So You Want (Need?) To Make A Lateral Career Move . . .

Making a legal lateral career move

Of the bazillion and one things no one told you before going to law school (and during, and no doubt after), one of the most surprising is that the legal profession is inherently unstable for all but a select few.  I’ll mention some of the reasons later but for now it suffices to say that there are two that every lawyer should take into account.  One is that the supply and demand of legal services follows the broader trends in the economy.   In a down economy, you might get hit where you eat:  Your practice area.  The second is that without ongoing professional development, you won’t advance along the partnership track (or be pegged to go in-house, but I digress and save that for another blog post.  Stay tuned).

So, you find out as an associate in a law firm – which is relatively late in the game – that how and where the work you’re doing is originated, who you get it from and how much you’re given, all have a direct bearing on your future marketability as a lawyer.    Add to that the goings on in the economy at large, and you inevitably find yourself thinking more than you ever imagined about your career and how to manage it, including whether you should make a lateral career move.

Step 1:  Look Around and Evaluate: Is It Time To Move?

Let’s say you’ve accepted the fact that Partner A is never going to relinquish control of the Sacred Cow Clients of the Firm for at least the next 30 years.  Or that Partner B is never going to let you run a deal on your own.  Or that Partner C is going keep you managing discovery and document reviews on large cases until a more junior associate can take your place at a lower salary.   Or that Partner D is never going to invite you to (insert any male dominated sport or entertainment venue where he entertains clients and then doles out choice work assignments here).  Or that Partner E loves your law and motion work – as long as she makes all the appearances and argues all the motions.  Or that Partner F just doesn’t like you and, well, no one in the firm including you can figure out why.   Or – and this is probably the most common reason –  that Big Firm life is great and you are well appreciated, but (choose one:  the unexpected downturn; the sudden partner/practice group departure (without you); the loss of a huge client; the weak fiscal condition of the firm) have made it clear that the steady supply of billable hours is or will be tapering.   Or finally, you simply desire to move to a more geographically desirable location.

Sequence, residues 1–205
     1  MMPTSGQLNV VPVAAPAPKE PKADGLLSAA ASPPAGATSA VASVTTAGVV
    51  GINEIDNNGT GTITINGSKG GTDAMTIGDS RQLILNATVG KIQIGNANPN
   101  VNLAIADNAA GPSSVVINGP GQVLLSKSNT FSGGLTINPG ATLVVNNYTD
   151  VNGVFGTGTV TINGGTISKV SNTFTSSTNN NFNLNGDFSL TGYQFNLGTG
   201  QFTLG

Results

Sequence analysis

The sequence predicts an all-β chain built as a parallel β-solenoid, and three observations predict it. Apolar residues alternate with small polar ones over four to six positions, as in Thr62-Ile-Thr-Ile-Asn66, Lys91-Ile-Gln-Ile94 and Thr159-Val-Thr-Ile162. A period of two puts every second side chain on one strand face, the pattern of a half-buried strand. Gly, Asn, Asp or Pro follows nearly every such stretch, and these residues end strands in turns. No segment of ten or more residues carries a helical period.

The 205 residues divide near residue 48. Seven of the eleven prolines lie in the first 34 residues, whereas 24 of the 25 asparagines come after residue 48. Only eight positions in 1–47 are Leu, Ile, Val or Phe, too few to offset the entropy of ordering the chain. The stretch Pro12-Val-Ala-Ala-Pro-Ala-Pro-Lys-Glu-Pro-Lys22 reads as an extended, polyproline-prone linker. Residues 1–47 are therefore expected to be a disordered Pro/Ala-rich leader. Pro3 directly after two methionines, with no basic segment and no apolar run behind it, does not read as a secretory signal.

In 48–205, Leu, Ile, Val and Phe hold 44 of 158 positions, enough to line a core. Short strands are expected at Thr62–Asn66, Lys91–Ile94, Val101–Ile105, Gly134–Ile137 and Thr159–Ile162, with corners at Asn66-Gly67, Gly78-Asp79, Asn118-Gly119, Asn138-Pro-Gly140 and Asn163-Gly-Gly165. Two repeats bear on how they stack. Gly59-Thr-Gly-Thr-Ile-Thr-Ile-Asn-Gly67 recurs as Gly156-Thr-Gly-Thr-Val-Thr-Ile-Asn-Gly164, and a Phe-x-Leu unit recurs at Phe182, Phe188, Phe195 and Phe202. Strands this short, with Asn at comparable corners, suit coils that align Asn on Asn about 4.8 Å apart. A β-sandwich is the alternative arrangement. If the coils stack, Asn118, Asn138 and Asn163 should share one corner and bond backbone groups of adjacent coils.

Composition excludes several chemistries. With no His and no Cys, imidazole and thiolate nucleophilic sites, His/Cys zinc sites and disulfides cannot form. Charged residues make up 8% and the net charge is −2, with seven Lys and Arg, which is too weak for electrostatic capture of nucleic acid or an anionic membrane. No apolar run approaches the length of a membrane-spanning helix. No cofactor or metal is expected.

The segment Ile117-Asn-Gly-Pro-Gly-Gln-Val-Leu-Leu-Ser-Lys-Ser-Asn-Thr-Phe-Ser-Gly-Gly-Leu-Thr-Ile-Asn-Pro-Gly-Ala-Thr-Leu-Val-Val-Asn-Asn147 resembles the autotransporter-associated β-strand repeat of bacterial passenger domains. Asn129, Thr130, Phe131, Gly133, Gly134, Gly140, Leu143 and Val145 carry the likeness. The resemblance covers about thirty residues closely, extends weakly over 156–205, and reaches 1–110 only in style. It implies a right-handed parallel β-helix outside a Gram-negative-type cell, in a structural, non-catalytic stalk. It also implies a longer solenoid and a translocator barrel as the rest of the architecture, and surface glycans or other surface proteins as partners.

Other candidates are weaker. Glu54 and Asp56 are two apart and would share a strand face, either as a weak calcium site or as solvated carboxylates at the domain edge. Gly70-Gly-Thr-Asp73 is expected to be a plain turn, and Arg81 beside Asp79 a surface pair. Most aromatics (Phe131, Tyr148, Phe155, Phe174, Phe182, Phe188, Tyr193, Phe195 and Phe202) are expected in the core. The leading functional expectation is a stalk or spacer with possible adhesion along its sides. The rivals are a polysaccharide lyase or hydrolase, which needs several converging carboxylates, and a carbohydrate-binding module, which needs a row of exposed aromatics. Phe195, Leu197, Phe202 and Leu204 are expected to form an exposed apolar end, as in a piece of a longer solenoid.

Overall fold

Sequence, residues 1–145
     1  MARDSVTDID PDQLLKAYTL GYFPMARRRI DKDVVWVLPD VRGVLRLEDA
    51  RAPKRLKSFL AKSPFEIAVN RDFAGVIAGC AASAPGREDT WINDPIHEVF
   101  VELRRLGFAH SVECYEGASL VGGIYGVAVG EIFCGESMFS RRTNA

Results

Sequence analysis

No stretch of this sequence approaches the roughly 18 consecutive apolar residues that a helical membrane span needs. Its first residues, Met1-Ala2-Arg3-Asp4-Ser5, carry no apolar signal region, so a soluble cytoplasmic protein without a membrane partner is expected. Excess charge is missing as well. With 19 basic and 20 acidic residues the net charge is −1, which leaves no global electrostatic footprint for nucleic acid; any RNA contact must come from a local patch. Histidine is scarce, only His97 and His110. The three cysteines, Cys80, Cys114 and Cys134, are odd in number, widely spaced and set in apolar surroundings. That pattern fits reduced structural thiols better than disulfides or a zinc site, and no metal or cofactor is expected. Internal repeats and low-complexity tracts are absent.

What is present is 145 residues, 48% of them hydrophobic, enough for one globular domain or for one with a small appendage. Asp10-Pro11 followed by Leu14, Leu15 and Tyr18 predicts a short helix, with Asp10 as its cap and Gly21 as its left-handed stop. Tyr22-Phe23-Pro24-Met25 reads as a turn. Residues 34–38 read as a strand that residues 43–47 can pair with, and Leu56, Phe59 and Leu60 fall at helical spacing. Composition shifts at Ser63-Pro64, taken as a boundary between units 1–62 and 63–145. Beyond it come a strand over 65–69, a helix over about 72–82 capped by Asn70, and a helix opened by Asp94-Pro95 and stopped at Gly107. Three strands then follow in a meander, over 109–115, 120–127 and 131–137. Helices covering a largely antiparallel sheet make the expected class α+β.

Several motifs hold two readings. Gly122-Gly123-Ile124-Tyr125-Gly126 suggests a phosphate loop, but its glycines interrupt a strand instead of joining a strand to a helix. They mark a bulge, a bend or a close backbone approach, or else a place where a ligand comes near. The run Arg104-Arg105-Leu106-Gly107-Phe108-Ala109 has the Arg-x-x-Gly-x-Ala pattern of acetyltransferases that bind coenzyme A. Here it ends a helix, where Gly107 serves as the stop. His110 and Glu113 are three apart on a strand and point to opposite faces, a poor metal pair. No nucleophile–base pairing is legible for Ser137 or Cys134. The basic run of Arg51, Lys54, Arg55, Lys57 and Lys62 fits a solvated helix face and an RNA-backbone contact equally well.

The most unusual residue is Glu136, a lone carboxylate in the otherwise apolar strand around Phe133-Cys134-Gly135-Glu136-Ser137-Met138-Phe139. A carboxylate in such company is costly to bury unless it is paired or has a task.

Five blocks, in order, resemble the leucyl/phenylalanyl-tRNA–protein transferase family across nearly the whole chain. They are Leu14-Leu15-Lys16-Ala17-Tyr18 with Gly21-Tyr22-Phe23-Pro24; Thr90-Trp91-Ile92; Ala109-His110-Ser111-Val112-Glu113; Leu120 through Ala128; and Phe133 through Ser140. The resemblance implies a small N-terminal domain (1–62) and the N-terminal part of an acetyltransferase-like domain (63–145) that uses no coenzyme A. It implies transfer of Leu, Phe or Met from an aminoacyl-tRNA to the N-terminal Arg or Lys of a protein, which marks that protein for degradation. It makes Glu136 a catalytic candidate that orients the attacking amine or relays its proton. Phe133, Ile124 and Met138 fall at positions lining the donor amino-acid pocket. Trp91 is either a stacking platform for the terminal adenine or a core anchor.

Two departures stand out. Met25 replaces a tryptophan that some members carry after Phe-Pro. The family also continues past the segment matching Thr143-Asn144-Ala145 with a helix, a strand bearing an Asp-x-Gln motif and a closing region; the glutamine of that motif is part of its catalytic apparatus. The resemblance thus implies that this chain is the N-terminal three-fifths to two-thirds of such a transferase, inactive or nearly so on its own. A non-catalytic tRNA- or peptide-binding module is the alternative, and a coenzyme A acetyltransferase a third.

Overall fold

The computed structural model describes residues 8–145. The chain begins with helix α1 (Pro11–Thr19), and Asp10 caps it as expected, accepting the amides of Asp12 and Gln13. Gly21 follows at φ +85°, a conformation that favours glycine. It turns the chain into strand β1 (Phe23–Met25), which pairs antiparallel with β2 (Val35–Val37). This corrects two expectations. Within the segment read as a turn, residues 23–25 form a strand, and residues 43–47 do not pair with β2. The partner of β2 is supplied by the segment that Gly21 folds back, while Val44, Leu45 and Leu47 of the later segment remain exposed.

Staying put seems less appealing than leaving.  It’s time for a lateral career move.  Where do you start?  Read on, and fear not.

Step 2:  You Think It Might Be Time –  Now Determine Timing

As you by now have surmised, it’s very likely that a confluence of factors, not just one, will prompt you to move on.   It’s important to be honest with yourself, and determine your reason for moving, and how it may or may not affect your career.   Are you reacting to a change in circumstances?   Are you merely being observant and proactively putting feelers out?  Are you (or will you be) running from something?  Or is it (or will it be) time to run to something better?   If the former, timing will be critical and a hasty move could cause a lifetime of regret.  If the latter, you have the luxury of time, but opportunities come when they come.  How will you be sure you won’t miss out on the next and possibly last career opportunity?